Two area hockey groups are stepping up with donations to the Robert Crown Community Center project in exchange for ice time and partial naming  rights at one of the new center’s NHL-sized rinks.

At the Sept. 23 City Council meeting, aldermen approved gift and use agreements with the Chicago Young  Americans (CYA) Hockey Organization and  the Evanston Youth Hockey Association (EYHA).

Under  the  agreements, CYA, which  previously had donated $500,500 through  the Friends of Robert Crown to support construction of the new center, will be able to place the organization’s logo on one of the four corners  of Rink 1 in the new building. A trophy case near Rink 2 will be made available  to the organization to fill with hockey memorabilia.

 The organization  will pay  a usage for rental of ice time at a rate of $425  per hour  with an annual  increase  of  2.8%, City staff said.

The Evanston Youth Hockey Association, which had previously donated $100,000, will also get to place  its logo on one  of the four corners  of Rink 1 in the new building  as well as receive  a trophy case.

Under  the use agreement  between the  City and EYHA, the group will pay for all usage in the new center at a rate of $325 per hour with an annual  increase of 4%.

 Speaking at the City Council’s Administration & Public Works before  the vote, some  Evanston residents  who are participants in the CYA program expressed excitement at having a home rink to play.

Lisa Santos,  currently a sophomore at Evanston Township High School, told aldermen she’s in her fifth season at CYA, and “I  love playing  for CYA because it has taught  me  to  time manage,  how  to  be  a leader, and most  importantly, given me self confidence.”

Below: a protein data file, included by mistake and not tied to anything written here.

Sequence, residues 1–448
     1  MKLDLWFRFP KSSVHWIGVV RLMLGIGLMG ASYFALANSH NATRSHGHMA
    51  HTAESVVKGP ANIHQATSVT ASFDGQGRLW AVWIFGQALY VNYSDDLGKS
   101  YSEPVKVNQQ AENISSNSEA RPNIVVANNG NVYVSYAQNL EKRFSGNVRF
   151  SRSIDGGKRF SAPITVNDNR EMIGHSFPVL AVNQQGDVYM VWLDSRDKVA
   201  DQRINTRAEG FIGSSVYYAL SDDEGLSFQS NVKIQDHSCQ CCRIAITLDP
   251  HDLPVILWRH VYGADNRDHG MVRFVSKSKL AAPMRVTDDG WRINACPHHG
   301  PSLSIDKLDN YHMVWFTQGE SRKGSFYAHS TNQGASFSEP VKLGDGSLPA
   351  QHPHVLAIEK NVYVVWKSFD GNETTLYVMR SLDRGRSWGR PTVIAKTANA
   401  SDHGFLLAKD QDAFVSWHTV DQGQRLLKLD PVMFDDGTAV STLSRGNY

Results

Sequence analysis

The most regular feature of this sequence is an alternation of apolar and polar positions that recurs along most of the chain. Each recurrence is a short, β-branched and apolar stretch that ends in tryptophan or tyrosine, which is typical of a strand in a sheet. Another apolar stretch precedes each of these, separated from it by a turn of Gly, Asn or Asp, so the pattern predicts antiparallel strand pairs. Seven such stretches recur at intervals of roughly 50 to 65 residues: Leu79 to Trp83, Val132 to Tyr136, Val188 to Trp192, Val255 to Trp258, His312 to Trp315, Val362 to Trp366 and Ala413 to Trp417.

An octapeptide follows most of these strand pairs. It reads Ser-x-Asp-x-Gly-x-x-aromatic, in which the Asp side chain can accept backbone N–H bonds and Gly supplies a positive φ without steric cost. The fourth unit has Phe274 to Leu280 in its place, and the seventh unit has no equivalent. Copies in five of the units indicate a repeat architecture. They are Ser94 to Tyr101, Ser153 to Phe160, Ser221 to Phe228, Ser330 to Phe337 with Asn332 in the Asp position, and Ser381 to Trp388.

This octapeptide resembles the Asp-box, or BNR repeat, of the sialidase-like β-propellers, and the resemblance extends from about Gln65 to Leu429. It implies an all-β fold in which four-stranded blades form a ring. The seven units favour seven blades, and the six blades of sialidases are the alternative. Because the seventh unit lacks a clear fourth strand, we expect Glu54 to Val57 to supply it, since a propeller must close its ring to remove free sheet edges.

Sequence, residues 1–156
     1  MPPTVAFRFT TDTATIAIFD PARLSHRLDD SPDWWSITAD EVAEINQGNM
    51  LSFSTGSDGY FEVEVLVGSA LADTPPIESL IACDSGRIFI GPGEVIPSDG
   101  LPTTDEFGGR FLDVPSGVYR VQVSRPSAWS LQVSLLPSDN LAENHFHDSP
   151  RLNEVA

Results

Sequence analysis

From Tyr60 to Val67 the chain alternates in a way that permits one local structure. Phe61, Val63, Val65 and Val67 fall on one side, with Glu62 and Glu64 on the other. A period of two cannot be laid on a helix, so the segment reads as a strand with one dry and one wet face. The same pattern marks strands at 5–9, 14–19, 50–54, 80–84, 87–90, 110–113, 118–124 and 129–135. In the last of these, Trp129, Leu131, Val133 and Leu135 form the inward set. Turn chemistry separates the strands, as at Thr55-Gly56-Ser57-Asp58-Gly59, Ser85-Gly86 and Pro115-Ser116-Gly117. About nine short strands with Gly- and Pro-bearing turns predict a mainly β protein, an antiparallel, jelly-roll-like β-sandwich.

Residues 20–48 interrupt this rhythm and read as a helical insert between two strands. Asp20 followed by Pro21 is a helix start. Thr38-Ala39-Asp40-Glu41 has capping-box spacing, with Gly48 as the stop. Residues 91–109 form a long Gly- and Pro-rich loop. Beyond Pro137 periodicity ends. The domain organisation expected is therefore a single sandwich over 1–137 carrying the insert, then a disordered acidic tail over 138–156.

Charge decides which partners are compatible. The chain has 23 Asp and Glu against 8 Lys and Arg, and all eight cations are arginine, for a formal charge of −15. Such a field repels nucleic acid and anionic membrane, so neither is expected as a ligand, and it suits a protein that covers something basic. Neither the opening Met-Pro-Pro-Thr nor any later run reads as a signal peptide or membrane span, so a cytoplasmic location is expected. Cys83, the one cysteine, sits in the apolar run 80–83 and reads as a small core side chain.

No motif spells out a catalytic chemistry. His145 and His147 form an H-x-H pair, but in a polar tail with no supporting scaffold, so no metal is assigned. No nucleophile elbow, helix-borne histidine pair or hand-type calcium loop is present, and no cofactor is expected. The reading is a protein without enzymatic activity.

Playing hockey at Crown when she  was only 6, Ms.  Santos  said “my teammates and I are really excited to call  Robert Crown our new home. It  will be  fun to play in the same community.”

“The boys in the CYA program have  their own rink in Palatine and sharing a rink with them is not ideal,” she said. She said the split use sometimes means girls don’t get to practice until 10:30 p.m. 

“Being a student athlete it’s really difficult to manage academics while playing sports,  she said. “The  new rink will help me succeed academically because I’ll  have  more time to focus on school,” she said.

 Former Evanston Township High  School star hockey  player, Delayon “Del” Morris, director of Evanston hockey,  also spoke about the opportunity to play  at the new center. “I grew up in Evanston, played hockey there since 1985,” he  said.

 “Evanston  hockey has been everything to me. It’s  brought me to everywhere I’ve  gone – college, played juniors, and  where I am today,” he told Council members.

As a coach at EYHA for the  past 10 years, “we’ve  been a strong participant in the NHL [National Hockey League] diversity program,” he pointed out, “which means we basically try to give hockey to every person that is  willing to play, be it girls,  ethnic backgrounds,  we try to make that happen  through our NHL diversity program.”

Girls  have particularly flourished, he said. “The girls that have been in our  programs are now at Dartmouth, Penn State, getting scholarships and things like that.”

Having CYA at the rink is only “going to bring more girls  into this program and give them more opportunities at the college level,” he said.

Several speakers  at the meeting urged aldermen not  to approve the agreement with CYA, charging the program was an elite one and raising concern about residents taking  a backseat on ice time at the new center, which is being funded largely by taxpayers.

“Why are we promoting and allowing  an association like this to enter in and use our community center when we say we’re  looking at everything through  the lens of equity. That just doesn’t  sound like Evanston to me,” said Leslie McMillan, one of the speakers.

Mary Rosinski,  another speaker, said  her  opposition wasn’t intended to “counter anything the girls said” about the  opportunities hockey opened up, but rather one of economics. She urged officials to reopen the agreement to negotiate on ice time cost.